In honor of the annual passing of Earth Day, let's all take a moment to renew our vows to the planet. As living beings, we each have a role to play in treading lightly and tending to the earth ~ and by choosing what we consume and cultivating a conscious lifestyle, our actions have a ripple effect on the world at large. 

So whatever eco-minded habits we already have, let's take one step further and adopt new rituals that can become part of our daily lives.  The following are my personal practices and life hacks for living a low impact life, in a list that has evolved and expanded over the years. 
 

Buy Local & Package Free Food

When possible, buy local: the food is fresher and has to travel a much shorter distance to reach you. Look for CSA's (Community Supported Agriculture) or farm boxes in your area that deliver fresh local produce to your home every week. If you're on O'ahu, check out Farm Link Hawaii ~ an online marketplace for local produce, pantry products staples & wellness products. We also love O'ahu Fresh for a more traditional produce box.

Opt for package-free whole foods when grocery shopping, which are better for your health and the environment. Invest in reusable produce bags (and keep them with your reusable shopping bags) so you don't have to take your produce home in those flimsy plastic ones (which ultimately end up in the trash). Purchase pantry staples (like grains & beans) from bulk grocery store bins to eliminate unnecessary packaging.  

Instead of buying condiments and ferments, do your best to prepare these at home. Ketchup, mustard, kimchi and kraut can all be easily made from scratch in your kitchen and will cost you less than their store bought counterparts! Prepare in bulk to save some extra dollars and save old glass jars for storing your delicious concoctions. 

Bring Your Reusables

Wherever you go, bring a reusable utensil set and straw so you don't need to use disposable plastic ones! This bamboo set is lightweight enough to keep in my bag at all times, and this stainless steel straw fits right into the case.

Replacing paper napkins with cloth ones is an easy way to reduce lots of waste; you can even just cut up an old sheet to quickly & cheaply make reusable napkins. I've gotten into the habit of keeping a cloth napkin on me at all times, so I never need paper ones when I leave the house either!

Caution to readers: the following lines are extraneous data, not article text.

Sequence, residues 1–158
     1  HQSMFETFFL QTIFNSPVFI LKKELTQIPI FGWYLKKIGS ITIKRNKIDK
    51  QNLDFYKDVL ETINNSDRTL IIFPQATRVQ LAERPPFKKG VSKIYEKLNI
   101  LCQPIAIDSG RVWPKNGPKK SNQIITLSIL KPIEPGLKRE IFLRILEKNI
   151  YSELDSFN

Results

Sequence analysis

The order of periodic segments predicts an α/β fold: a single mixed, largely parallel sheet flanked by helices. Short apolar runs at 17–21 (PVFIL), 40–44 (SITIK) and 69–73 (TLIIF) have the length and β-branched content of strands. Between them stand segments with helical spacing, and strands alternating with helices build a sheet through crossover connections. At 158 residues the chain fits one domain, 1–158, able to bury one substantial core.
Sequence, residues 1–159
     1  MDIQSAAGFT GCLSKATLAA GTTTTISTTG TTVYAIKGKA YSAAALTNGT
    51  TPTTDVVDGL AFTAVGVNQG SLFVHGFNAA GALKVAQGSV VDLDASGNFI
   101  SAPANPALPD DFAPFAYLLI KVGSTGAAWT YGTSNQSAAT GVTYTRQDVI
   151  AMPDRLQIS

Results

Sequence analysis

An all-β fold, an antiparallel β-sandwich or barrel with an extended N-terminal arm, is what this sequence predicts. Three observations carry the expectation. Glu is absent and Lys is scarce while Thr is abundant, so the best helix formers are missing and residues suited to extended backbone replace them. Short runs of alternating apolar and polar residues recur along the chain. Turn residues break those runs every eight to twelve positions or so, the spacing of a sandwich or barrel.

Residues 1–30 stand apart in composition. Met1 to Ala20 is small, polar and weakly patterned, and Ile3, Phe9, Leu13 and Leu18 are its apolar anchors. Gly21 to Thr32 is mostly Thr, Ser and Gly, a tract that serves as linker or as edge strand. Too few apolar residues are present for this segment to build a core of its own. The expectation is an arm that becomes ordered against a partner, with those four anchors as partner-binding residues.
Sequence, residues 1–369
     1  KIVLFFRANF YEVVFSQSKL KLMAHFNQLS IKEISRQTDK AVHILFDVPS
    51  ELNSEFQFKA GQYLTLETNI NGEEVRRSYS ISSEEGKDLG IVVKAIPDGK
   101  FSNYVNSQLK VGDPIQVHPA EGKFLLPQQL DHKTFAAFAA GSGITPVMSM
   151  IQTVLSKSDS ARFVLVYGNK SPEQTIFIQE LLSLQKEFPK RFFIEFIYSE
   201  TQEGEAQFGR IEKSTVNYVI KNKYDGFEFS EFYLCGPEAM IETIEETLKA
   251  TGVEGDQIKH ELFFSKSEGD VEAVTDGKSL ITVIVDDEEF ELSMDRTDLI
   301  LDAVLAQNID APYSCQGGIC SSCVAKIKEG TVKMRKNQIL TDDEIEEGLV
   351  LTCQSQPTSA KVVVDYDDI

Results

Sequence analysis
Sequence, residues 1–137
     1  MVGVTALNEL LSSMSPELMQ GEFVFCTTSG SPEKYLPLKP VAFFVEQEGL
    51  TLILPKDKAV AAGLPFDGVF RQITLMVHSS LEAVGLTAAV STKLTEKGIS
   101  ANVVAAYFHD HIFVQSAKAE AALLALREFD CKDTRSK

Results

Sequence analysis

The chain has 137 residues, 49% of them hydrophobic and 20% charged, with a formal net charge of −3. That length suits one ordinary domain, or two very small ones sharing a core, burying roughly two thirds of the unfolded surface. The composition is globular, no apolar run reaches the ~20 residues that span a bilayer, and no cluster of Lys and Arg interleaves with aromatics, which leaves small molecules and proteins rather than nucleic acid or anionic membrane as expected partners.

Find a reusable water bottle you love and USE IT. If you're not a fan of tap water, try this charcoal 'filter' that you can throw into your bottle or pitcher -- it's made from carbonized wood. Bottled drinks that don't end up in a recycling bin are destined for a landfill (or the ocean).

If you always have a delicious drink with you, there's never a need to buy one! Try adding different kinds of fruit (fresh or frozen) to warm water with honey for a soda-like beverage. If you start buying herbs in bulk to make 'loose leaf' tea, you can skip tea bags altogether ~ just make sure you have either a bombilla straw or strainer tumbler to sip loose leaf tea on the go. 

Stash Leftovers & Reduce Food Waste 

Store food & leftovers in reusable tupperware or mason jars. A regular plate or bowl on top of a dish works perfectly well and avoids the need for plastic wrap or foil when storing food in the fridge. For a more equivalent substitute, make or purchase a few sizes of beeswax wraps ~ I love these because they are undyed and made with organic fibers.

Reduce food waste by portioning what you cook and freezing leftovers you might want to eat later. Any food waste or veggie scraps that you do have are so much better off composted than in the trash. A worm bin is super easy to set up and maintain at home, and if you garden it has the dual benefit of providing excellent nutrition for your plants! If you don't have a yard or a worm bin is inaccessible, check out this Lomi countertop composter for food waste.